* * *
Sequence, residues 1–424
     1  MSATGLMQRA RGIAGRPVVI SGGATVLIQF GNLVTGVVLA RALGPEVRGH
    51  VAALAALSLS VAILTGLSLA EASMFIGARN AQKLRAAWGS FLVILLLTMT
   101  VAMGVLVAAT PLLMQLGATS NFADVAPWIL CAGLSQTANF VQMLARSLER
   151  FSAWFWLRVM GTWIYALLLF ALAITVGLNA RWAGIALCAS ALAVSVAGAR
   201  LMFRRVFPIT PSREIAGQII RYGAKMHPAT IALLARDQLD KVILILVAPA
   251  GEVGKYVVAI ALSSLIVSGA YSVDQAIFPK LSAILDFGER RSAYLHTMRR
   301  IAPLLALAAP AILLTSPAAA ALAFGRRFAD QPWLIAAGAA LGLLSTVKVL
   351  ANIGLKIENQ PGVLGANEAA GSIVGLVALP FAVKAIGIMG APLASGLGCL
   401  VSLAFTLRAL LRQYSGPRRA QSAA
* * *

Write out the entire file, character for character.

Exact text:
Sequence, residues 1–424
     1  MSATGLMQRA RGIAGRPVVI SGGATVLIQF GNLVTGVVLA RALGPEVRGH
    51  VAALAALSLS VAILTGLSLA EASMFIGARN AQKLRAAWGS FLVILLLTMT
   101  VAMGVLVAAT PLLMQLGATS NFADVAPWIL CAGLSQTANF VQMLARSLER
   151  FSAWFWLRVM GTWIYALLLF ALAITVGLNA RWAGIALCAS ALAVSVAGAR
   201  LMFRRVFPIT PSREIAGQII RYGAKMHPAT IALLARDQLD KVILILVAPA
   251  GEVGKYVVAI ALSSLIVSGA YSVDQAIFPK LSAILDFGER RSAYLHTMRR
   301  IAPLLALAAP AILLTSPAAA ALAFGRRFAD QPWLIAAGAA LGLLSTVKVL
   351  ANIGLKIENQ PGVLGANEAA GSIVGLVALP FAVKAIGIMG APLASGLGCL
   401  VSLAFTLRAL LRQYSGPRRA QSAA